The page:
- A bunch of walnuts (1/3-1/2 cup maybe?); candied (need a bit of brown sugar)
- 2 bosc pears
- crumbled goat cheese (as much as you like)
- 3 Persian cucumbers
- 3 tomatoes (get rid of the seeds)
- 1/3 cup olive oil
- 1/3 cup white wine vinegar
- 1 clove of garlic – pressed
- sprinkle of sugar – or some OJ; or 1 tbsp. rasberry jam
- The key here is “emulsifying” the dressing – blending really does make a huge difference. So – blend vinegar, garlic, sugar (or substitute) adding olive oil.
- The rest is self explanatory. Enjoy.
Great salad – easy and full of great flavour. I would recommend cutting down the sugar content (recipe calls for 1/2 cup – which is WAY too much!) My mom usually subs in orange juice instead of sugar in recipes. Play around with it. I think I got this from the Netivot HaTorah recipe book, “gatherings.”
- sugar (calls for 1/2 cup – but that’s outrageous!)
- 3/4 canola oil
- 1/3 balsamic vinegar (I like a lighter vinegar with this salad personally)
- 1 tsp. salt
- 8 cups mesculun mix
- 2 cups sweet & dried cranberries
- 8 ounces strawberries quartered
- 1 large mango – peeled and cubed
- 1/2 cup chopped red onion
- 1 cup slivered almonds
Serves 6-8 people.
Filed under Salads, Shabbat
At the ripe old age of 66, cute little Polish Martha Shem-Tov decided to climb Machu Pichu in Peru, with her childhood friend Joanna Friedman. The two youngsters first discovered “this amazing quinoa” in Cuzco, on a street Martha calls, “you know, the Israeli street.” Quinoa, Martha explains to me over the phone is actually not a grain- but in fact a seed, deriving from the spinach family. In her history lesson with the Peruvian waiter, she learned that the ancient Incas knew long ago that quinoa is an excellent source of protein, and is a staple of Peru’s cuisine. This is also what Martha and Joanna ate while at a Peruvian homestay in Puno, where the locals are vegetarian and included quinoa in their soups. Martha attributes her success in climbing Machu Pichu to the quinoa. :>)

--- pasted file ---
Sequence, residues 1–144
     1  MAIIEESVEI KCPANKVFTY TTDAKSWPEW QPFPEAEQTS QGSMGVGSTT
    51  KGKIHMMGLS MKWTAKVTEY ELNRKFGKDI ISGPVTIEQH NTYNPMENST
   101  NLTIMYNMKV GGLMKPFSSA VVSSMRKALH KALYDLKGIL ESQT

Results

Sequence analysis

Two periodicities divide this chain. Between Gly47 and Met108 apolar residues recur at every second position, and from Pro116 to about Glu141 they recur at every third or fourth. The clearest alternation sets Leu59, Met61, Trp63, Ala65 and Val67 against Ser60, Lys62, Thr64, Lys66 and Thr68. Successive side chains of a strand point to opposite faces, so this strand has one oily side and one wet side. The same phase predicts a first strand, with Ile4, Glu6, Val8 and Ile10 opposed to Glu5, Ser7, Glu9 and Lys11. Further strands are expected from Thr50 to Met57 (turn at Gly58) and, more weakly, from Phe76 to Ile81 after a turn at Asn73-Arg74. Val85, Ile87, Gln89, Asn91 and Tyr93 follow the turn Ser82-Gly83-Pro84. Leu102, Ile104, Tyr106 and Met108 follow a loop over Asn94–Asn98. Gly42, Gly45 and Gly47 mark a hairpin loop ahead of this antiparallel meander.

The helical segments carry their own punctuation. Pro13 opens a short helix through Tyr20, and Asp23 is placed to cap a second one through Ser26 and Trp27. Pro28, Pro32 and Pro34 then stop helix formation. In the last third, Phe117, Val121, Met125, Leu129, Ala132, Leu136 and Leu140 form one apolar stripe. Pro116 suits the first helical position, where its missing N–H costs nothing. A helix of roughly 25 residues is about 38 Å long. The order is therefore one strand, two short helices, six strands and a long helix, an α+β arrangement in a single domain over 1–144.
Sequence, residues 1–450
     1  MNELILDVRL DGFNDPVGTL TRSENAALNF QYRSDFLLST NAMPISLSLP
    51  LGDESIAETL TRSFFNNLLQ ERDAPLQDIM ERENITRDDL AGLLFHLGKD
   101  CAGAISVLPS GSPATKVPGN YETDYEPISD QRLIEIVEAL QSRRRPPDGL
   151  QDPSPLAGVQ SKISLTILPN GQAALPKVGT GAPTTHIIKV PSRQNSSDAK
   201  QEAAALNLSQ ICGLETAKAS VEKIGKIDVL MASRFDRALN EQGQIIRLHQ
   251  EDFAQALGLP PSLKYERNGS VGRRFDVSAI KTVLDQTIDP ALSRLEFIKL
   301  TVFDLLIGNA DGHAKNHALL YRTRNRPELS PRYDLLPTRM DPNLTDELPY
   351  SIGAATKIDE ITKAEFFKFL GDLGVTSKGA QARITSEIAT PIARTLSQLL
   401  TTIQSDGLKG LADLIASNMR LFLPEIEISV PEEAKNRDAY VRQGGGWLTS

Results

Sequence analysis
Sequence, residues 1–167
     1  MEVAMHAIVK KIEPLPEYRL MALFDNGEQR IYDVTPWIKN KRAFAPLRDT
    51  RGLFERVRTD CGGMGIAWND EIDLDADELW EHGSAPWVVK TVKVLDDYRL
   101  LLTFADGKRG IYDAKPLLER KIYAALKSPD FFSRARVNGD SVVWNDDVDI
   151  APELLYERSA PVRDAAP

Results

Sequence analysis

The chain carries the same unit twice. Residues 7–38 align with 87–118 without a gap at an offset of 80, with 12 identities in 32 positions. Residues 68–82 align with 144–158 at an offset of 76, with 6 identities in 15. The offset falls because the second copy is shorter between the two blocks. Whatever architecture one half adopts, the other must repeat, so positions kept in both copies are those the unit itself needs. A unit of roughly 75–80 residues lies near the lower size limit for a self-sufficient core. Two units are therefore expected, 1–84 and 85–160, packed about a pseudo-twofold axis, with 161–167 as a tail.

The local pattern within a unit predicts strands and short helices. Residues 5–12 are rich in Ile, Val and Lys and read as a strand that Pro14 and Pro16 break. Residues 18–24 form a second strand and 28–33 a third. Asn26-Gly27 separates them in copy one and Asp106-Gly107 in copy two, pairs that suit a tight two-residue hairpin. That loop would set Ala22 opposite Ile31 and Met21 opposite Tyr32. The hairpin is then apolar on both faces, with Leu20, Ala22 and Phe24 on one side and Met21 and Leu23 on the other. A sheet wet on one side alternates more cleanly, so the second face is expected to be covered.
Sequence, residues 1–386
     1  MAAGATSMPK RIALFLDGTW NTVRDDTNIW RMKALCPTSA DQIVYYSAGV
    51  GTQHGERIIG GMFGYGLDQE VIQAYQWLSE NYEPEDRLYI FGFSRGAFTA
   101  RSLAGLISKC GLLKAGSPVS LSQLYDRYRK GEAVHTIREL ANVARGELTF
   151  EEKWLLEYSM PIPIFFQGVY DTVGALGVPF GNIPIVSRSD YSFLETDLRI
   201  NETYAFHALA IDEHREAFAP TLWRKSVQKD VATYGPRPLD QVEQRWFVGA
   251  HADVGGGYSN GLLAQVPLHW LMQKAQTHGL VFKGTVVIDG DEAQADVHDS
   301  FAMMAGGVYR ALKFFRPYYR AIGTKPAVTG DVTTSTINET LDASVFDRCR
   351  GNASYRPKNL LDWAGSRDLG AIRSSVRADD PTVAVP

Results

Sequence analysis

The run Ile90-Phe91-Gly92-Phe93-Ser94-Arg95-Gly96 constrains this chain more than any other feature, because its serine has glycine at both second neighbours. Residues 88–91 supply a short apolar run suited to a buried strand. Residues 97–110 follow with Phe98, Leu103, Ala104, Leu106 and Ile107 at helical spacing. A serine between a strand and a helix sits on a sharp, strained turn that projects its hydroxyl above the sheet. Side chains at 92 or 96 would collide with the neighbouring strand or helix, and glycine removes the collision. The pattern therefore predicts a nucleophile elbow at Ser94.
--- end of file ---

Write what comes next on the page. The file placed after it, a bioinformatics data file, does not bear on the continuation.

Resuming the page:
An accomplished cook in our family, when Martha is turned onto something – it’s not long before we all start trying it. “Quinoa,” Martha tells me, “can be served as a salad dish (she says for tabouli – although I prefer not to mess with the classic recipe) or as a side dish with cranberries, pine nuts and sunflower seeds. It can also be served hot for a side dish for meats, similar to rice – but “not empty calories.” Enjoy!
- 1 cup of quinoa
- 1 cup of liquid; options: orange juice, water, chicken/veggie stock
- 1/2 tsp. of salt
- 1/4 tsp. of pepper
- 1 tbsp. of sunflower seed oil
- 1/2 cup of dried cranberries [substitutes: raisins or chopped apricots]
- 2 tbsp. of pine nuts
- Rinse quinoa; add to pot
- Add liquid, salt and pepper and bring to boil; once boils, bring to medium heat
- Cover and let it simmer for about 20 minutes